Winner of The Shingo Research and Professional Publication Award!
Everyone knows that in order to reach optimum levels of health, you have to exerciseand that you have to keep at it, day after day after day. No big secret here.
It’s the same with process improvement, and, specifically, lean processes. Everything there is to know about Lean has been revealed. Countless books, articles, and seminars provide business leaders all the information they need to understand how lean works and how effective it can be when fully implemented. Again, not a secret. Why, then, do companies invariably fail in their pursuit of operational excellence?
The same reason people fail to trim fat through exercise. They don’t do it. They try to squeeze it into their schedule; they don’t make it part of their schedule. And, inevitably, it becomes less of a priority. In the same vein, too many business leaders see process improvement as a project, something separate from the more “pressing” goals of profits and growth.
That’s where they go wrong. And that’s where Building the Fit Organization comes in.
In this practical, hands-on guide Markovitz walks you step by step through the process of making lean as intrinsic to your company as the pursuit of profits. You will learn how to make an unshakeable commitment to increasing the value provided by doing the right work in the right way with continuous monitoring of processes and structured coaching for everyone.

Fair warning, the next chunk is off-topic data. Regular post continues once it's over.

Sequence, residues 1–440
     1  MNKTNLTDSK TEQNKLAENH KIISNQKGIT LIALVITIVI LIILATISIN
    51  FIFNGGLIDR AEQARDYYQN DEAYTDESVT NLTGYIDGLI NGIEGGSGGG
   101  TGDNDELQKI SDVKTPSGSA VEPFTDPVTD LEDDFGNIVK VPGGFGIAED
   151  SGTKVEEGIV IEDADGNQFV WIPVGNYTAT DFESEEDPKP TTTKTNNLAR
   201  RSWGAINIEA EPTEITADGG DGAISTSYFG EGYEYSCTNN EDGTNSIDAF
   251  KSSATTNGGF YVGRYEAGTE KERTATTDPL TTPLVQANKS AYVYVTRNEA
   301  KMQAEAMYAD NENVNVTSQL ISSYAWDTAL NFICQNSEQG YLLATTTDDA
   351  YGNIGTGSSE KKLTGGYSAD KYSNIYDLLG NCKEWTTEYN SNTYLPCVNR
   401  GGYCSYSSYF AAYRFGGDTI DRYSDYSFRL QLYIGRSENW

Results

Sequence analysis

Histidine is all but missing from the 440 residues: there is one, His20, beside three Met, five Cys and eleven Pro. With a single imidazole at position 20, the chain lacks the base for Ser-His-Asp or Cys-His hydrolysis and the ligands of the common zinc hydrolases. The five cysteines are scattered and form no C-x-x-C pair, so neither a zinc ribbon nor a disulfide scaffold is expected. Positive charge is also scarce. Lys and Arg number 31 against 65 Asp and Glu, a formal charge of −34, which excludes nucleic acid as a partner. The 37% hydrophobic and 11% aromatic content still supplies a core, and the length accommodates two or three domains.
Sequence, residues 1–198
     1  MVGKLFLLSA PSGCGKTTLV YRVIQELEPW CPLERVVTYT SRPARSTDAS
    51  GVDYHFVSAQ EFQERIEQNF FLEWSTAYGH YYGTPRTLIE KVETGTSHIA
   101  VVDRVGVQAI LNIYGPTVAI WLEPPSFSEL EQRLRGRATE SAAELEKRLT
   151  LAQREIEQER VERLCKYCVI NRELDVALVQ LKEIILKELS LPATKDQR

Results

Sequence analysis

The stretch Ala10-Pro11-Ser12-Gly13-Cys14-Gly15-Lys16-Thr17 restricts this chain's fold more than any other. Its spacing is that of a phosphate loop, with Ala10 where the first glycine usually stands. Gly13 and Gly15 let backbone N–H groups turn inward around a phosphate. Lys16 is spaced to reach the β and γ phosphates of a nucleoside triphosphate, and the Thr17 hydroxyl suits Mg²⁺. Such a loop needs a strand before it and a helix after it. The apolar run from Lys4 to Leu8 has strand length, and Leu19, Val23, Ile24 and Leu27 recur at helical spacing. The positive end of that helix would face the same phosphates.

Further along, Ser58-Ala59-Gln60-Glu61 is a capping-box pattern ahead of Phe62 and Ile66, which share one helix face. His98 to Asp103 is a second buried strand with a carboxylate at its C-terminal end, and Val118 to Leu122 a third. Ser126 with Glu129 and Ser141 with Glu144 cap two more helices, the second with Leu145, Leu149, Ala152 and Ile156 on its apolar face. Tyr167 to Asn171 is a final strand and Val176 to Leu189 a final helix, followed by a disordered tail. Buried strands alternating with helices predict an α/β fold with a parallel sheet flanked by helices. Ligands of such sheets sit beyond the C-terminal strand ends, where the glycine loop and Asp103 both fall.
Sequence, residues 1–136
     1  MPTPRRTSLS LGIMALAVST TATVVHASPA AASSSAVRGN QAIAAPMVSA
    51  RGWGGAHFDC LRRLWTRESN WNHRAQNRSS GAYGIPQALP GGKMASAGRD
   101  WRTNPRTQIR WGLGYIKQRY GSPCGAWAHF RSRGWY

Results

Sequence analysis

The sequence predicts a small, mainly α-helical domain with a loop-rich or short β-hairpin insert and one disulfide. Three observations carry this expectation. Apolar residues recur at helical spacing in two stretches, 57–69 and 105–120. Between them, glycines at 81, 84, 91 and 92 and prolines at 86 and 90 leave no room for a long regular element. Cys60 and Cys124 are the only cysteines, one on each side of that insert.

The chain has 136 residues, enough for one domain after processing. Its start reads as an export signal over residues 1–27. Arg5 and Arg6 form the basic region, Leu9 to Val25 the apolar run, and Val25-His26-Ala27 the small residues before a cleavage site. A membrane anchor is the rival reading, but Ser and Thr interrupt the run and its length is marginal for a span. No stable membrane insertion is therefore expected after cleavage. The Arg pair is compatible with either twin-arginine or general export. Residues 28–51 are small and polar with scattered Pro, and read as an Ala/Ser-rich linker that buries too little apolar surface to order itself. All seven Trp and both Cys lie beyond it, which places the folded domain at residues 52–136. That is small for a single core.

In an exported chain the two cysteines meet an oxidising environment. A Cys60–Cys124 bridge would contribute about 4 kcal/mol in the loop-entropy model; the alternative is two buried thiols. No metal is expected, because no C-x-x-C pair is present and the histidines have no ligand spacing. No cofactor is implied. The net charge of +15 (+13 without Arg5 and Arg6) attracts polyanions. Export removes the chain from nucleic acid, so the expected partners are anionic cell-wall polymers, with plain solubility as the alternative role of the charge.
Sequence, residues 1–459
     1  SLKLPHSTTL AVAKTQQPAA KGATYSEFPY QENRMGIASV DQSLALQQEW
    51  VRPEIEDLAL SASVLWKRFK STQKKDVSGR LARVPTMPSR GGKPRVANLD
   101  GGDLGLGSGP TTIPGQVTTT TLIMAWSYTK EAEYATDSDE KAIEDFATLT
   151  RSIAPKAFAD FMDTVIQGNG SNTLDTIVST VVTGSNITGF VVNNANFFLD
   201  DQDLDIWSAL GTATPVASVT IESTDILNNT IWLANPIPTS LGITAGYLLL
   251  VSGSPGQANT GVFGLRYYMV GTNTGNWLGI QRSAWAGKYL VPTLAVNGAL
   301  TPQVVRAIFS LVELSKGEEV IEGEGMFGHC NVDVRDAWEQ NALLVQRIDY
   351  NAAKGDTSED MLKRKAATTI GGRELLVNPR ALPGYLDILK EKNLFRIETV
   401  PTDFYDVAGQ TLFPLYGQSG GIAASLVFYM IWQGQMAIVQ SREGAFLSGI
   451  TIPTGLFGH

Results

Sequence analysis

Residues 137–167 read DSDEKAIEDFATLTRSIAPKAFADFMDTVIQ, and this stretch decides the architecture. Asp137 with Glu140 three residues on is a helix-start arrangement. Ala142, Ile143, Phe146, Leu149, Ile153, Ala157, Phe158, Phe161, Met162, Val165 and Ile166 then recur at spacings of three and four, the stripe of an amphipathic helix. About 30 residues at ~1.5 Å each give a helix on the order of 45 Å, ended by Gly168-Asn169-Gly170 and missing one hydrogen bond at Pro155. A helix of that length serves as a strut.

You don’t need another book about lean. What you need to learn is how to make process improvement your company’s purpose.
Like a serious athlete, you’re warmed up. You know what lean is and how it can help your organization. Now it’s time to perform. Building the Fit Organization is the next step to creating a company that can compete on the toughest of playing fields.
|Publisher:||McGraw-Hill Professional Publishing|
|Product dimensions:||5.90(w) x 9.10(h) x 1.00(d)|
About the Author
Dan Markovitz makes companies faster, more flexible, and more productive through the application of lean principles. He is a faculty member at the Lean Enterprise Institute and a lecturer at the Fisher College of Business. He holds a Stanford MBA, and received a Shingo Research Award for his first book, A Factory of One.
Table of Contents
1 Commit to Improvement 9
2 Increase Value, Don’t Cut Costs 33
3 Think Horizontally 53
4 Standard Work 77
5 Visual Management 111
6 The Coaching Triangle 133
Appendix 1: Organizational Fitness Self-Assessment 159
Appendix 2: Resources 167